Here’s the big question with La La Land, though: Is this the next Once? Or is it the next Begin Again?
So yesterday we were talking about voice. Voice consists of the way you see the world based on your life experiences up until this point. Say for instance, two different writers are writing a funeral scene. One of those writers may focus on the faces of the crying family as their loved one is lowered into the ground. The other writer may focus on the beauty of the moment – the way the sunlight hits the tombstone or the way the wife leans down to kiss her infant son. A third writer may find humor in the moment. The drunk priest stumbling over his words or the coffin unexpectedly dropping and slamming into the grave.
How different people see different things is how voice is expressed. And sadly, I don’t line up with Chazelle’s voice. I don’t know what it is but there’s a disconnect somewhere. He went to music school. I went to fuck-around school. I felt it with Grand Piano. I felt it with Whiplash. And I feel it here.
My biggest problem with La La Land is that it all feels so cliché. The pretentious angst-ridden musician who’s too good for pop music. The eager young actress who’s so hip she likes Audrey Hepburn and Janet Leigh over Jennifer Lawrence and Emma Stone.
And when these two hang out, they go to all the well-known places in LA. The Griffith Observatory. The La Brea Tar Pits. The Getty Center. Ironically, it may be me who’s the problem here, as I live here and know these places well. The rest of the world, likely, does not. But still. It always felt to me like Chazelle wasn’t digging deep enough. He always seemed a minute away from setting a scene at Mann’s Chinese Theater.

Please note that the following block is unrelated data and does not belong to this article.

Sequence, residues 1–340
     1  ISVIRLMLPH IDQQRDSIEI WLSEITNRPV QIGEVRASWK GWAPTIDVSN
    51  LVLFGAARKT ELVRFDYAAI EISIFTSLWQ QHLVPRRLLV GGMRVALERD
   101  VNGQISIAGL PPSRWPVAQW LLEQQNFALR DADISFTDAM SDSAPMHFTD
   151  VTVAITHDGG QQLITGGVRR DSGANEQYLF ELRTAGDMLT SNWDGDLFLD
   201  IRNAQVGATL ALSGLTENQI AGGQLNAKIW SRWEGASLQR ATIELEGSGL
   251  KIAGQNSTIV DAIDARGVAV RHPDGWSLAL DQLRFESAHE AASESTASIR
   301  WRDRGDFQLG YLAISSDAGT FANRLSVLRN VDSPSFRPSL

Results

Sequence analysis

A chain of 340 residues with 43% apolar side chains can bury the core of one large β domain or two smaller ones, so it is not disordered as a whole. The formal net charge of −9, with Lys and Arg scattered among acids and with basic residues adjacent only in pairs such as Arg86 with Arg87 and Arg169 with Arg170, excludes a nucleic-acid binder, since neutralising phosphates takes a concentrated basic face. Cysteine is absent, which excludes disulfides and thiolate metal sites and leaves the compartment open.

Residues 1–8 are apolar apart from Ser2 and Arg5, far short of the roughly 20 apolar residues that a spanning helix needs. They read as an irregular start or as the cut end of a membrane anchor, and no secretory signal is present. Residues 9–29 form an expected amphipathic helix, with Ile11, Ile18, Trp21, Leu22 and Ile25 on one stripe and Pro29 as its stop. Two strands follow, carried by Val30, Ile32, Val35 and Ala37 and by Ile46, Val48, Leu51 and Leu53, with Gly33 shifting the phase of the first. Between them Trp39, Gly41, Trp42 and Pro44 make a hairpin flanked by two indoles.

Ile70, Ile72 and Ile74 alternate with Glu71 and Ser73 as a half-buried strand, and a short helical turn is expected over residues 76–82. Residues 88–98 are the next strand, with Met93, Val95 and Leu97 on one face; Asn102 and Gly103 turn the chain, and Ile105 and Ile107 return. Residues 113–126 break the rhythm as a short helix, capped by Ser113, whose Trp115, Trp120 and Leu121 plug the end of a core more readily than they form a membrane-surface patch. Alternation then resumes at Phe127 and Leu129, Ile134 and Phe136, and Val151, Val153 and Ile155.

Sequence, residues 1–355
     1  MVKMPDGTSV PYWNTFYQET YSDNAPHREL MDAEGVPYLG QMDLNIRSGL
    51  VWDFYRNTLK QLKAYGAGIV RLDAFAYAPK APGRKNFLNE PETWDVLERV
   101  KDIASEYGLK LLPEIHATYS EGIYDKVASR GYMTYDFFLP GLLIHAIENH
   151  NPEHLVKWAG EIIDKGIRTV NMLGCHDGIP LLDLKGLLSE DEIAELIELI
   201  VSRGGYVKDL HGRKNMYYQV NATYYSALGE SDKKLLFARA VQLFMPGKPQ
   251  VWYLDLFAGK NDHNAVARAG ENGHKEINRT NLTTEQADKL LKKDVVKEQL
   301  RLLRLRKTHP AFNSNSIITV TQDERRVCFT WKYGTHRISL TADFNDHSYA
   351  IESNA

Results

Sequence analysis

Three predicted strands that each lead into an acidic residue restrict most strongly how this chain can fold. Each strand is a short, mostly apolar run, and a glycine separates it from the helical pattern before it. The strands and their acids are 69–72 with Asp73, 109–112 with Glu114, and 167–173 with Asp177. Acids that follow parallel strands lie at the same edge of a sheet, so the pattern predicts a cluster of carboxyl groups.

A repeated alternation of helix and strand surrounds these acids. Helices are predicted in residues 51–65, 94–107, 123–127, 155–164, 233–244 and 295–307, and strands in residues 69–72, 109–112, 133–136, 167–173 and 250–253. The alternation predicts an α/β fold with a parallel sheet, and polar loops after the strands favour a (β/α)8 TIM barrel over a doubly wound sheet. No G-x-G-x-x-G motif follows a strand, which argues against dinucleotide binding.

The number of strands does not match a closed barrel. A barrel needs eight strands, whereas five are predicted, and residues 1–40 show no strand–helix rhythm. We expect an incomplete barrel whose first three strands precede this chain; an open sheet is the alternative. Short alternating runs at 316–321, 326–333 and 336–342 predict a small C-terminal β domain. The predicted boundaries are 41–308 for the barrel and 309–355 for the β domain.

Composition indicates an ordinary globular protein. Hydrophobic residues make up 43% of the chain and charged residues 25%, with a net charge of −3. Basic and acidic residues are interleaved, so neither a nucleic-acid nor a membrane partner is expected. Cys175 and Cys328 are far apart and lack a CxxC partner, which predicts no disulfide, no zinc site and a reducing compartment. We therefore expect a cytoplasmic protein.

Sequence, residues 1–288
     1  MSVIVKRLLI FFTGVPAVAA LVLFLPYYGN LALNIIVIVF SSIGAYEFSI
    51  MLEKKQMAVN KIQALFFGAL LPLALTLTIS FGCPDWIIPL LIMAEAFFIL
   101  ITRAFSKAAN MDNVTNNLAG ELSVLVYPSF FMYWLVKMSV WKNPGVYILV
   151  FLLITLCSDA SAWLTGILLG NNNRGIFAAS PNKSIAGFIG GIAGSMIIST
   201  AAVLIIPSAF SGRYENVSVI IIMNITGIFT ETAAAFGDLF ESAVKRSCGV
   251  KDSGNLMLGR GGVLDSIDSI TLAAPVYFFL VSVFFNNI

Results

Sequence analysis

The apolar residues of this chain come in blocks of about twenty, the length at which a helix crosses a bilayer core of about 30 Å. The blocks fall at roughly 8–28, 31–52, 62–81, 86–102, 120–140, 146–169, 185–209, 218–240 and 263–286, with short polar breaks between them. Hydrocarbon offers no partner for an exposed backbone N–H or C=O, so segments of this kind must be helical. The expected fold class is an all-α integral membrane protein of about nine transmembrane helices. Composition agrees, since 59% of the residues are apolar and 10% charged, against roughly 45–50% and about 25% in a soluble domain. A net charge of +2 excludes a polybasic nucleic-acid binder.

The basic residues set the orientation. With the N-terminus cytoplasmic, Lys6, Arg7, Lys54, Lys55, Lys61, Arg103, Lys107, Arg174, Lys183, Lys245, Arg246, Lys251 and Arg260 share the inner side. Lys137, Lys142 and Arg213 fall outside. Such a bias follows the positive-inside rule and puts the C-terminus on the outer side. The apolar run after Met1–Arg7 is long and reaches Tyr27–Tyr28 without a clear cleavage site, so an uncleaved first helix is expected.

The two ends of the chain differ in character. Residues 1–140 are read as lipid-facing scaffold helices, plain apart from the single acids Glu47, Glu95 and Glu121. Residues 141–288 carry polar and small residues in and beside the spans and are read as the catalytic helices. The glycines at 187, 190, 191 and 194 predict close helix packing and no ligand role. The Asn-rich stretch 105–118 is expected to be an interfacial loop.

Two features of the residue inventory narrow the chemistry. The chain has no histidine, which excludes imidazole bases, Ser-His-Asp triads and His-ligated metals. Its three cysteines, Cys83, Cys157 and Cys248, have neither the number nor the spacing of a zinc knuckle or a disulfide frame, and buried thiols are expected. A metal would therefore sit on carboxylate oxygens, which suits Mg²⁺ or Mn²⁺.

It looks like he’s banking on the musical element being the “originality” aspect that makes up for all the rest of the unoriginality. And maybe that will be true. We do get a zero-gravity dance number at the Griffith Observatory so it’s not like it’s pure cliché.
But I kept waiting to care about these two and it never happened. Sebastian is self-absorbed. Mia’s SO obvious with her “I only like old actresses” vibe. And it’s safe to say that if I don’t like your male lead and I don’t like your female lead, then I sure as hell don’t care if they get together or not. And since this movie is predicated on us caring about these two getting together, La La Land felt more to me like Hannah Montana than Adele.
In the end, La La Land feels like a movie from someone who’s lived in LA for six months and is basing his story on the surface level version of the city he’s experienced during that time. Los Angeles is actually much deeper and more complex than it’s being made out to be here, and when you couple that with two empty lead characters, the musical numbers are going to have to be off the charts to save this film.
[ ] what the hell did I just read?
[x] wasn’t for me
[ ] worth the read
[ ] impressive
[ ] genius
What I learned: The 20-something character who idolizes famous dead actors/musicians is a trope that’s been used so much in film that I’d think long and hard before including it in your own screenplay.
What I learned 2: I don’t think this script had a single surprise (outside of Sebastian’s harsh rejection of Mia’s initial advance). Everything was too perfect, too predictable. You HAVE to surprise your reader/audience to keep them on their toes.